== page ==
Senate Republicans unveiled a new infrastructure package on Thursday that is slightly bigger than their previous offer, but only just over half of the Democrats’ latest Biden-backed proposal of $1.7 trillion.
The newest Republican plan offers $506 billion for roads, bridges and major projects and $98 billion for public transit systems, but leaves out hundreds of billions Democrats wanted for electric cars and other Green New Deal provisions that didn’t fit the traditional definition of infrastructure.
In April, Republicans had offered a $568 billion plan to counter Democrats’ $1.9 trillion proposal, but it was rejected as being too small and not including enough necessary spending to be seriously considered. The Democrats’ proposal included $400 billion for home and facility care for the elderly and disabled, $213 billion for housing initiatives, and $137 billion for public education, none of which really fits under infrastructure either.
The Republican counteroffer includes $46 billion for passenger and freight rail, $21 billion for safety, $22 billion for ports and waterways, $56 billion for airports and $72 billion for water infrastructure. Also included are $22 billion for Western water storage, $65 billion for broadband infrastructure and $20 billion for infrastructure financing.
Is the bill paid for?
Some of these priorities could be included in the $300 billion transportation reauthorization coming up for a vote after passing unanimously out of committee this week, Republicans have said.
One possible sticking point could be that the bill offers no tax increase to “pay for” it, as the Democrats’ bill has in raising the Capital Gains rate from 21% to 28%. In the run-up to the bill’s release, it was suggested that nearly a trillion in unspent COVID relief funds could pay for it.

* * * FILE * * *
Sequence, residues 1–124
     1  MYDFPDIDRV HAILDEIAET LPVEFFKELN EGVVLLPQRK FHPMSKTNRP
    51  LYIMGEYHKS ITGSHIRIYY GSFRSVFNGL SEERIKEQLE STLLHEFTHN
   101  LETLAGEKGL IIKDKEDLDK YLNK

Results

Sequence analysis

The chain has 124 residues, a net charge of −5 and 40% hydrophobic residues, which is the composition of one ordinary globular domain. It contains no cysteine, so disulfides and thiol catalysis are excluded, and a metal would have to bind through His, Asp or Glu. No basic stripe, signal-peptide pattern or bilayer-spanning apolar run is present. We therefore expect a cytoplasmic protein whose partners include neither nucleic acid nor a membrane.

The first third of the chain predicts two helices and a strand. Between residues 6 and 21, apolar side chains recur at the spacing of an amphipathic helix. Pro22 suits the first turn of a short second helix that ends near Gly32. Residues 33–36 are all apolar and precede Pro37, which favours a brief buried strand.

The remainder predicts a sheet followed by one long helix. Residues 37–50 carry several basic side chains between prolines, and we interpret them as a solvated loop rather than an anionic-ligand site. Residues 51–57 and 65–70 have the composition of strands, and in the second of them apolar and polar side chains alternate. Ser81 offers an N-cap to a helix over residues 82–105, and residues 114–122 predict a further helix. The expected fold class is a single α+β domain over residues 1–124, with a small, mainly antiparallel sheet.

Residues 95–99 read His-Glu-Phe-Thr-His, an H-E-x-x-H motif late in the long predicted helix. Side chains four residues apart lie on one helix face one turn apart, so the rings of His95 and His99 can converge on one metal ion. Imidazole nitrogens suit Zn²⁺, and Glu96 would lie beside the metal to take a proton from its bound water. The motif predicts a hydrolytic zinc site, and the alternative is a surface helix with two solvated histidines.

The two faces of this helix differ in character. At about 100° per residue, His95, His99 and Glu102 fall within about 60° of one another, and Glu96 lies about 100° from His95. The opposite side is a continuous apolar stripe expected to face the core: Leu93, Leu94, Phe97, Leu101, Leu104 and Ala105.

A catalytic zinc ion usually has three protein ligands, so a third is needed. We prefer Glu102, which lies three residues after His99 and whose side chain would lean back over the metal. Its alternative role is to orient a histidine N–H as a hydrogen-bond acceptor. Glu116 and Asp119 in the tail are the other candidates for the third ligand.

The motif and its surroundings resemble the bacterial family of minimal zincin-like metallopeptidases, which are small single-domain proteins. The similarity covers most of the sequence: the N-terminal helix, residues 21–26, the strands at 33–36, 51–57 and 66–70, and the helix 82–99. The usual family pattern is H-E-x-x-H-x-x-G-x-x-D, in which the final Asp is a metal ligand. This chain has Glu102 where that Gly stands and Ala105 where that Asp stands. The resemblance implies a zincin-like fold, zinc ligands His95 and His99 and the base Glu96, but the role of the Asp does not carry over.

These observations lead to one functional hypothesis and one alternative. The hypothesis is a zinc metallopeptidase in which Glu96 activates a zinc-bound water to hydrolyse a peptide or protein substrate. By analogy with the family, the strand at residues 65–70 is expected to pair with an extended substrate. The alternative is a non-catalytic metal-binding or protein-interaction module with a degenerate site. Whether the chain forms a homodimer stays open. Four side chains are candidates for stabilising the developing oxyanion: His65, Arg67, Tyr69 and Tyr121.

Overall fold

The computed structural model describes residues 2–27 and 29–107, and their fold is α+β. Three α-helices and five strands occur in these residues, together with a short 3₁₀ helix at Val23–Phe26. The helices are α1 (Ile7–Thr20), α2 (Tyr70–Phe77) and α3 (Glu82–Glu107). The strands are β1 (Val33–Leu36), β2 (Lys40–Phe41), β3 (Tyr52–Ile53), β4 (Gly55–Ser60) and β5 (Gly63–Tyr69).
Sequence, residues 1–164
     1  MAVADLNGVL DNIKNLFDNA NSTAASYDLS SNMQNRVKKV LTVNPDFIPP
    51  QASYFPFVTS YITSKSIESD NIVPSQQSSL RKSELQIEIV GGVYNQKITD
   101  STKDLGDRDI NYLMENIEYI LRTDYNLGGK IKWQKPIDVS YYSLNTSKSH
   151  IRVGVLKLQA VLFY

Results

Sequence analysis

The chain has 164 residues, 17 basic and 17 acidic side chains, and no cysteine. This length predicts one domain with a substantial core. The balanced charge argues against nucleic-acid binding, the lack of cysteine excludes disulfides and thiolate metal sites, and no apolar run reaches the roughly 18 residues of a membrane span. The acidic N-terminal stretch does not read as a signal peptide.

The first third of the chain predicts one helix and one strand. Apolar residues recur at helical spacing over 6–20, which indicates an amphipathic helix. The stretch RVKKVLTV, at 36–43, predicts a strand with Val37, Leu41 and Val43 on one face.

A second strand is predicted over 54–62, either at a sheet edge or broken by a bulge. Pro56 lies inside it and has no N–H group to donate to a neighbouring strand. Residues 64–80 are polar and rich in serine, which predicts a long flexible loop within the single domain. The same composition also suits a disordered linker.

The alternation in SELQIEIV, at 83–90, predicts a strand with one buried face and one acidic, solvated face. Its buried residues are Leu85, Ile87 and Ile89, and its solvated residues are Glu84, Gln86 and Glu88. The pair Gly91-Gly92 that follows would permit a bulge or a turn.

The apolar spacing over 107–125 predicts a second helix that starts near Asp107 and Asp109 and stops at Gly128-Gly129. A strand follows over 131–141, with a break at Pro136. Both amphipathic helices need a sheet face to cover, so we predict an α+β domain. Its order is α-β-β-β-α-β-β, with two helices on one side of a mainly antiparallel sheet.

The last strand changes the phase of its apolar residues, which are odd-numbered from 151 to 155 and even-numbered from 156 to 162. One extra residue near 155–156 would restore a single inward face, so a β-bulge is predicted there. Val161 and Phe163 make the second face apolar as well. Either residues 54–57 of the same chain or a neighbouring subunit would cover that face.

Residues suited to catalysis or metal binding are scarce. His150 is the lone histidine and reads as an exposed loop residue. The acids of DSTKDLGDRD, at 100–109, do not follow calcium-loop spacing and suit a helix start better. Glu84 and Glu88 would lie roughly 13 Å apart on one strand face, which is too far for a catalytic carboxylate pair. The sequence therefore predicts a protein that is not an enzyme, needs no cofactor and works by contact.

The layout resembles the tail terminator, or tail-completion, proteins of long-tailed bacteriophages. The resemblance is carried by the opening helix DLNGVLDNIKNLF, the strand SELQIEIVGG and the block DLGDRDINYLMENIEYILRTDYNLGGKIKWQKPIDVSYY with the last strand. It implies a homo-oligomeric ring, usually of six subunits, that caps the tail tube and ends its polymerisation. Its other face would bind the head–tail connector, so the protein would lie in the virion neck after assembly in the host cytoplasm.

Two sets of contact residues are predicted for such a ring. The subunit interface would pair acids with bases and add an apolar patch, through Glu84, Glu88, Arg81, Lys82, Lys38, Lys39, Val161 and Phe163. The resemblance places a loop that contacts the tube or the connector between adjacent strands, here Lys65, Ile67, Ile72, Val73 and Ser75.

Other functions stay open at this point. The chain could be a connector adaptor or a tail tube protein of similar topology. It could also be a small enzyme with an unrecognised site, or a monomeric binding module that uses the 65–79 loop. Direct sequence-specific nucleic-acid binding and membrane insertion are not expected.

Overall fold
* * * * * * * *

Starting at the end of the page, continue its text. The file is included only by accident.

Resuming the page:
Furthermore, a range of economic experts on both sides of the aisle have agreed that infrastructure bills pay for themselves by creating jobs and growing the economy. Business roundtable claims that $3.70 will be added to the economy for every $1 spent on infrastructure, and the taxes paid on that $3.70 should more than cover the outlay by the government.
If the infrastructure bill will pay for itself one way or another, why do taxes need to be raised?
Will either side end up happy?
It isn’t likely that Democrats are going to go for this Republican bill. Like all significant compromises, neither side is likely to be too happy with the end result.
If Democrats really want to go it alone with $1.9 trillion, they have been okayed to do so through budget reconciliation without a single Republican vote. But Joe Manchin seems to like the recent Republican proposals more than his own party’s, so maybe budget reconciliation in a 50-50 Senate won’t get the job done either.
And after spending $1.9 trillion on coronavirus relief without any Republican votes, do Democrats really want to risk more massive solo spending that could lead to inflation?
It only gives Republicans a huge campaign boost if all this spending puts us in a recession or inflationary period, or both, by 2022 or 2024.